Muhammad cartoonist defiant after attack

Swedish artist hopes to get another chance for free speech lecture.

May 12, 2010 18:48
3 minute read.
Swedish artist Lars Vilks

Lars Vilks 311. (photo credit: Associated Press)


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A Swedish artist whose drawing of the Prophet Muhammad offended Muslims said Wednesday he hopes to get another chance to deliver a lecture on free speech that was interrupted by violent protests.

But officials at Uppsala University said they doubted they would invite Lars Vilks again after police used pepper spray and batons to help him escape a furious crowd Tuesday.

"It's nothing that we're discussing right now, but it's not very likely given how it turned out here," university spokeswoman Anneli Vaara said.

While Vilks escaped the incident with broken glasses and a bit of a shock, he said it raised concerns about the freedom of expression at Sweden's oldest and most prestigious institute of higher learning.

"What you get is a mob deciding what can be discussed at the university," Vilks told The Associated Press, adding he was ready to repeat the lecture if re-invited.

"I'm ready to go up again," he said. "This must be carried through. You cannot allow it to be stopped."

The 53-year-old artist has faced numerous threats over his 2007 sketch of Muhammad with a dog's body. Earlier this year US investigators said he was the target of an alleged murder plot involving Colleen LaRose, an American woman who dubbed herself "Jihad Jane," and who now faces life in prison. She has pleaded not guilty.

Vilks' Web site appeared to have been exposed to a hacker attack on Wednesday. Instead of his regular blog there was a message saying the site had been hacked and with links to information about the Prophet Muhammad.

Witnesses said the violence Tuesday broke out a few minutes into Vilks' lecture about the limits of artistic freedom, when he showed a film by an Iranian artist about Islam and homosexuality. A young man leaped from his front-row seat and tried to attack Vilks, police and the artist said.

Vilks initially believed he was head-butted by the man, but said he later understood he had collided with plainclothes police officers who intercepted the attacker and then briskly evacuated Vilks from the room.

"This was the first time I've experienced a physical assault," Vilks said. "It was a bit of a shock."

A video of the incident showed agitated police officers clashing with protesters at the front of the lecture hall. A female police officer used pepper spray to subdue a young man, and another youngster was wrestled to the ground. Some protesters were shouting "God is great" in Arabic.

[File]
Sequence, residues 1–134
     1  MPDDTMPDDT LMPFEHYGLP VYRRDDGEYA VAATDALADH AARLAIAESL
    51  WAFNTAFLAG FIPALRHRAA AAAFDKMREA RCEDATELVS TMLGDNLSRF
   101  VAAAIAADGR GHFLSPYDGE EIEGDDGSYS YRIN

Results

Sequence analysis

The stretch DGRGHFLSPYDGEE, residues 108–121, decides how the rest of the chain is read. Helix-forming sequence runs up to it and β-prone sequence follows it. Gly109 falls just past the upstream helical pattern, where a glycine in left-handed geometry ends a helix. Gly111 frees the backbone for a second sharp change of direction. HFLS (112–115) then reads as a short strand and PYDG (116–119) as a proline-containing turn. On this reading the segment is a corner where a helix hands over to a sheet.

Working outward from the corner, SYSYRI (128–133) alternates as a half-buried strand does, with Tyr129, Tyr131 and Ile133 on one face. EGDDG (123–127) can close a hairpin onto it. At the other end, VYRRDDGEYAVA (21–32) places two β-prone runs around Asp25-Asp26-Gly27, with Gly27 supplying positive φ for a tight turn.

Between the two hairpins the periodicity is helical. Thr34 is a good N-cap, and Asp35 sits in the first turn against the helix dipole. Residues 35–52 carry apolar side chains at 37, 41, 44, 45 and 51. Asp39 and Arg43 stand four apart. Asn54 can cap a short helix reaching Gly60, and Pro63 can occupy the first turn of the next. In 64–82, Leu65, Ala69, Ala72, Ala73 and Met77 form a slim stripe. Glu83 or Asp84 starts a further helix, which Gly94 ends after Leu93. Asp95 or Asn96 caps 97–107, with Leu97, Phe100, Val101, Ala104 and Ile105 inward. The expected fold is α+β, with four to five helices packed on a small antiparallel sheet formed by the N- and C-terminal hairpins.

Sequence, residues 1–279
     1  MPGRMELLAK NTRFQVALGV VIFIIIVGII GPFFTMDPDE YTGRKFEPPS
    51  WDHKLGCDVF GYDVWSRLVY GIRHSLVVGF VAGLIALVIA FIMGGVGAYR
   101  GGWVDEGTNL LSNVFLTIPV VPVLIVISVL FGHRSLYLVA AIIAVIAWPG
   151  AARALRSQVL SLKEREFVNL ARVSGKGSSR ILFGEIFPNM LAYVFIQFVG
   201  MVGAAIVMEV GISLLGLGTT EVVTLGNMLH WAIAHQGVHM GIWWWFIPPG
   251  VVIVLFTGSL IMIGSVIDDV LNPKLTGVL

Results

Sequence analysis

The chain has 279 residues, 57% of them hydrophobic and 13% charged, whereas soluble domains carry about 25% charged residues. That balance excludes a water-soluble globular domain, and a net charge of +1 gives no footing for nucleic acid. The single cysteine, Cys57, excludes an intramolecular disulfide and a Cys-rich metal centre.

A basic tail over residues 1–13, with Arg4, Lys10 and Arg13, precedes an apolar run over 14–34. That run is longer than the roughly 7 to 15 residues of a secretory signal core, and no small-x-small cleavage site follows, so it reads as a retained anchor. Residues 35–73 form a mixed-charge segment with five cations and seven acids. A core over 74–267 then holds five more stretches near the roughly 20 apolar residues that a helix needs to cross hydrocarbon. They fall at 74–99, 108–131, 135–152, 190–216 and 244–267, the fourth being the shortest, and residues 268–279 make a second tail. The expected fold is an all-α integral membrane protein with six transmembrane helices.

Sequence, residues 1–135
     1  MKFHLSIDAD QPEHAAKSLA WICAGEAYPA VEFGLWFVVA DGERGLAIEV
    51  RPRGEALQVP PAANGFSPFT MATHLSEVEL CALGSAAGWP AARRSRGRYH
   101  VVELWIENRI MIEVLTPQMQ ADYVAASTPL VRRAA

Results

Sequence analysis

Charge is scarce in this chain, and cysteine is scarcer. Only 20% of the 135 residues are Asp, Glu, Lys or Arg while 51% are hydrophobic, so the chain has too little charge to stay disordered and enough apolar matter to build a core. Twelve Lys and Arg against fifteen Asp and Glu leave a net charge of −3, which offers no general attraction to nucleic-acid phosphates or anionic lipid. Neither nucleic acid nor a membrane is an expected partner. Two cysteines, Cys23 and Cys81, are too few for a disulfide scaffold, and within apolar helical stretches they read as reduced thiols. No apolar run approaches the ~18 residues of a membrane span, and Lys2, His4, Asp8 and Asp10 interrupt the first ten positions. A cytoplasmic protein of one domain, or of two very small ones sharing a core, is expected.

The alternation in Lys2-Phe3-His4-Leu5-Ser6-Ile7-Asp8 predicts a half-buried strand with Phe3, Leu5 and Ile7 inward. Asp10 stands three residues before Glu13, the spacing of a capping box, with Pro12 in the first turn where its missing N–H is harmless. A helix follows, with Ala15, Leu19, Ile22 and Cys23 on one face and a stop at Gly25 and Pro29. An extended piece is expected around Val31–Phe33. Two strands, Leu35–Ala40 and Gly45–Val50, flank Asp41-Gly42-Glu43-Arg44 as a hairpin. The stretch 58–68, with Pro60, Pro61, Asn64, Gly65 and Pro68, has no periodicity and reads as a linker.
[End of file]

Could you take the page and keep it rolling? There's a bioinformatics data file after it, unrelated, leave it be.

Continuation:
Uppsala police spokesman Jonas Eronen said two officers sustained minor injuries.

The attacker was detained on suspicion of attempted assault but was later released, he said. Two others — a man and a woman — were also released after questioning and could face charges of using violence against police. All suspects were in their late teens, Eronen said.

Vaara, the university spokeswoman, said the lecture had been open to the public and the suspects were not believed to be students, though she added she wasn't sure about that.

The incident was condemned by Swedish newspaper editorials calling it an attack on the freedom of speech, and in more moderate terms by the Scandinavian country's leading politician.

"It shows that there are tensions in this discussion, which I've had to follow for years," Prime Minister Fredrik Reinfeldt told reporters in Stockholm. "I take it very seriously. There is a risk that tensions form between individuals and the Swedish society, which is something we don't want."

Helena Benauouda, the head of Sweden's Muslim Council, an umbrella group for Muslim organizations, declined comment, saying she didn't have enough information about the incident.

Vilks depicted Muhammad more than a year after 12 Danish newspaper cartoons of the prophet sparked furious protests in Muslim countries in 2006. Images of Muhammad, even favorable ones, are considered blasphemous by many Muslims.

A Swedish newspaper printed Vilks' drawing, leading to further protests, and revived a heated debate in the West and the Muslim world about religious sensitivities and the limits of free speech.

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